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Atherosclerosis. 2018 Sep;276:140-147. doi: 10.1016/j.atherosclerosis.2018.07.024. Epub 2018 Jul 21.

Ldlr-/- and ApoE-/- mice better mimic the human metabolite signature of increased carotid intima media thickness compared to other animal models of cardiovascular disease.

Author information

1
Institute of Cardiovascular and Metabolic Disease, Institut National de La Santé et de La Recherche Médicale (INSERM), Toulouse, France; Université Toulouse III Paul-Sabatier, Toulouse, France. Electronic address: jean-sebastien.saulnier-blache@inserm.fr.
2
Research Unit of Molecular Epidemiology, Helmholtz Zentrum München, German Research Center for Environmental Health, D-85764, Neuherberg, Germany; Institute of Epidemiology, Helmholtz Zentrum München, German Research Center for Environmental Health, D-85764, Neuherberg, Germany.
3
CeMM Research Center for Molecular Medicine of the Austrian Academy of Sciences, Vienna, Austria.
4
Institute of Cardiovascular and Medical Sciences, University of Glasgow, Glasgow, UK.
5
Medizinische Klinik Mit Schwerpunkt Kardiologie, Campus Virchow-Klinikum, Charité-Universitaetsmedizin Berlin, Berlin, Germany.
6
Institute of Bioinformatics and Systems Biology, Helmholtz Zentrum München - German Research Center for Environmental Health, 85764, Neuherberg, Germany; German Center for Diabetes Research (DZD), 85764, Neuherberg, Germany.
7
Institute of Experimental Genetics, Genome Analysis Center, Helmholtz Zentrum München, German Research Center for Environmental Health, D-85764, Neuherberg, Germany.
8
Institute for Clinical Diabetology, German Diabetes Center at Heinrich Heine University, Leibniz Center for Diabetes Research, Düsseldorf, Germany; Department of Endocrinology and Diabetology, Medical Faculty, Heinrich Heine University, Düsseldorf, Germany; German Center for Diabetes Research (DZD), 85764, Neuherberg, Germany.
9
German Diabetes Center, Leibniz Institute at Heinrich Heine University Düsseldorf, Institute of Biometrics and Epidemiology, Düsseldorf, Germany; German Center for Diabetes Research (DZD), 85764, Neuherberg, Germany.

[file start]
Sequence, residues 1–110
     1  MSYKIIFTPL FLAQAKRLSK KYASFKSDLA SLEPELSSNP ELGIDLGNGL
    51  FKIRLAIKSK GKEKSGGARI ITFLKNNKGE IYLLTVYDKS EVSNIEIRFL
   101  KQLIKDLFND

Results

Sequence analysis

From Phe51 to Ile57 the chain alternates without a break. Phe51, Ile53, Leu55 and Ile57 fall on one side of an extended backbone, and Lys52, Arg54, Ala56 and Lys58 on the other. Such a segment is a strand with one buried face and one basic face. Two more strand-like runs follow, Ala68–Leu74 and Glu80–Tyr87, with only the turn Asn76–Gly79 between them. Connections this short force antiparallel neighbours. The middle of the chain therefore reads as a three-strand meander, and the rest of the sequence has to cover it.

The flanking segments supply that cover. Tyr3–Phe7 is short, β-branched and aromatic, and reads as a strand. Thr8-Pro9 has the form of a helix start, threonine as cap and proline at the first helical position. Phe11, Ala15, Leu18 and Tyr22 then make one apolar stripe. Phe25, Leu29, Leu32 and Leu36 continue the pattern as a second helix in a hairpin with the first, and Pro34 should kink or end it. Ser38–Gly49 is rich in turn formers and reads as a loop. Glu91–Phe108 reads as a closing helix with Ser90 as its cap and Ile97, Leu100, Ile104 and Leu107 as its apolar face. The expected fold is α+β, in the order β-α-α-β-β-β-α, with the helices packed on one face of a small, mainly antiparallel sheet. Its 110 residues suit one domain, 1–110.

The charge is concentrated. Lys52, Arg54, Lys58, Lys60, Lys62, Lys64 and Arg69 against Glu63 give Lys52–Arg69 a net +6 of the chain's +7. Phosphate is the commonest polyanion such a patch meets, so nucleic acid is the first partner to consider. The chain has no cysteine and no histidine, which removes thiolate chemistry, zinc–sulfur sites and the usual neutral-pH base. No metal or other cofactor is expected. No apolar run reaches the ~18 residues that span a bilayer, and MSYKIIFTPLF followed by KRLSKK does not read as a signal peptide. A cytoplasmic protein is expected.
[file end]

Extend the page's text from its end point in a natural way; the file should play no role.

10
Diabetes Zentrum, Medizinische Klinik und Poliklinik IV - Campus Innenstadt, Klinikum der Ludwig-Maximilians-Universität München, Munich, Germany; Clinical Cooperation Group Diabetes, Ludwig-Maximilians-Universität München and Helmholtz Zentrum München, Munich, Germany.
11
Institute of Epidemiology, Helmholtz Zentrum München, German Research Center for Environmental Health, D-85764, Neuherberg, Germany; Chair of Epidemiology, Ludwig-Maximilians-Universität München, UNIKA-T, Augsburg, Germany.
12
Deutsches Herzzentrum München, Technische Universität München, Munich, Germany; German Center for Cardiovascular Research (DZHK), Partner Site Munich Heart Alliance, Munich, Germany.
13
Institute of Laboratory Medicine, Clinical Chemistry and Molecular Diagnostics, University Hospital, Leipzig, Germany.
14
Department of Physiology and Biophysics, Weill Cornell Medicine-Qatar, Education City, PO Box 24144, Doha, Qatar.
15
Research Unit of Molecular Epidemiology, Helmholtz Zentrum München, German Research Center for Environmental Health, D-85764, Neuherberg, Germany; Institute of Epidemiology, Helmholtz Zentrum München, German Research Center for Environmental Health, D-85764, Neuherberg, Germany; German Center for Cardiovascular Research (DZHK), Partner Site Munich Heart Alliance, Munich, Germany; Institute for Medical Informatics, Biometrics and Epidemiology, Ludwig-Maximilians-Universität (LMU) Munich, Munich, Germany.